Halliburton Co’s HAL-N fourth-quarter adjusted profit doubled from a year earlier, it said on Monday, beating analysts’ forecasts and prompting the oilfield services company to lift its dividend following a rebound in crude and natural gas prices.
U.S. oil prices rose more than 50% last year and have made a strong start to 2022, hovering around $85 a barrel, thanks to the global economic recovery from the coronavirus pandemic and supply cuts by producer group OPEC.
That has encouraged producers to ramp up drilling activity, with the U.S. rig count rising 68% year-over-year to 586 at the end of the fourth quarter, according to Baker Hughes BKR-Q data.
Rivals Schlumberger and Baker Hughes topped market expectations for fourth quarter earnings last week, with Schlumberger’s top executive likening current market conditions to those experienced during the last industry supercycle.
“This is momentum that I have not seen in a long time,” Halliburton Chief Executive Jeff Miller told investors on a call.
The Houston, Texas-based firm said it would boost its dividend to 12 cents, payable on March 23, up from a 4.5 cents dividend previously.
Miller said he anticipates spending in North America to grow by more than 25% in 2022 and that pricing for hydraulic fracturing will move higher, with incrementals up 30%. He said the company has been able to pass along higher prices for trucking, sand and other inputs to customers.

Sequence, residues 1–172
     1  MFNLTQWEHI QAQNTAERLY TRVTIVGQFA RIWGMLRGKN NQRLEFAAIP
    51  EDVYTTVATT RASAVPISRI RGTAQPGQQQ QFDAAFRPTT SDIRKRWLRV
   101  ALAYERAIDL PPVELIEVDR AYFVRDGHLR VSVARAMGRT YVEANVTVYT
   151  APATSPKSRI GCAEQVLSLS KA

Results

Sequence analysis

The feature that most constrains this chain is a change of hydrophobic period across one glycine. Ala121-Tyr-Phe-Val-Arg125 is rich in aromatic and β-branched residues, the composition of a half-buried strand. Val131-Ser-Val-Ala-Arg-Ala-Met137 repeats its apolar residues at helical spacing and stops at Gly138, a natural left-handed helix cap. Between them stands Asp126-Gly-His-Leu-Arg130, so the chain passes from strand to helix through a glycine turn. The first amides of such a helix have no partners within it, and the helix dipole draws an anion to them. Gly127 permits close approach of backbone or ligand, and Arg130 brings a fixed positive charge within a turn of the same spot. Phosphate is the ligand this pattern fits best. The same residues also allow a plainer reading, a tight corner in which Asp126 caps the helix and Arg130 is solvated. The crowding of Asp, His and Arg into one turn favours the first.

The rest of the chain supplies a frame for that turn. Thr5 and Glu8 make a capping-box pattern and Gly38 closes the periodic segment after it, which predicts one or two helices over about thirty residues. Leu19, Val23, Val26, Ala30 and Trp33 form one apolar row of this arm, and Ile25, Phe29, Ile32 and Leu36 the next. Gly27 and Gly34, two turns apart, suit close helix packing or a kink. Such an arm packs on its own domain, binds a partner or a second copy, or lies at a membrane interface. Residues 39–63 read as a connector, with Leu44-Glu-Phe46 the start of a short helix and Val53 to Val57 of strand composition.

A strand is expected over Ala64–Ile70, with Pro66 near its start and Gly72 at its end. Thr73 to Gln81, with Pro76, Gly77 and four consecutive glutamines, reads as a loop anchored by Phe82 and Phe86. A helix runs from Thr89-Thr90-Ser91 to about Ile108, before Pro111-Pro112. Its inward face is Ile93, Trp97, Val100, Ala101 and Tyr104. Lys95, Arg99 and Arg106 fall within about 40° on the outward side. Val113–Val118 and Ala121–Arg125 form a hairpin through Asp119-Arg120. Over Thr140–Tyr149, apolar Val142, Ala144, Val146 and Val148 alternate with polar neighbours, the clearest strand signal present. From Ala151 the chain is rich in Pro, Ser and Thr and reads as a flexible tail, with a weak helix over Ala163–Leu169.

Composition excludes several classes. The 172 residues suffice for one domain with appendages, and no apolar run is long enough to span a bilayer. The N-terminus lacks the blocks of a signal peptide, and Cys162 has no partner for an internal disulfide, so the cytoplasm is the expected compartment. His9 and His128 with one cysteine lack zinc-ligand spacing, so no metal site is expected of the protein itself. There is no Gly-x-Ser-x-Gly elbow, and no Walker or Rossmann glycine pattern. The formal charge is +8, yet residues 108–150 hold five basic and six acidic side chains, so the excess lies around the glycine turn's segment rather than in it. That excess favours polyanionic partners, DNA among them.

Halliburton estimates the North American completions market is nearing 90% utilization, and said its fleets are currently sold out. Fully electric hydraulic fracturing locations are expected to take up a larger share of the market, Miller told investors.
Internationally, he anticipates mid-teens spending growth.
Wall Street analysts said the results were positive, with the exception of margins in its Completion and Production unit, which missed estimates. On Monday, Miller said margins in that unit would likely be sequentially flat for the current quarter, while margins in its Drilling and Evaluation unit would be flat to down 50 basis points.
The company’s shares were down more than 4% in early trading to $26.42, following declines in U.S. crude futures which were off more than 3% to $82.49.
Halliburton’s fourth quarter adjusted net income totalled $320 million, or 36 cents per share, topping Wall Street estimates of 34 cents a share, according to Refinitiv IBES. Adjusted net income was $160 million, or 18 cents per share, a year ago.
Revenue of $4.3 billion also beat analysts’ expectations of $4.1 billion.
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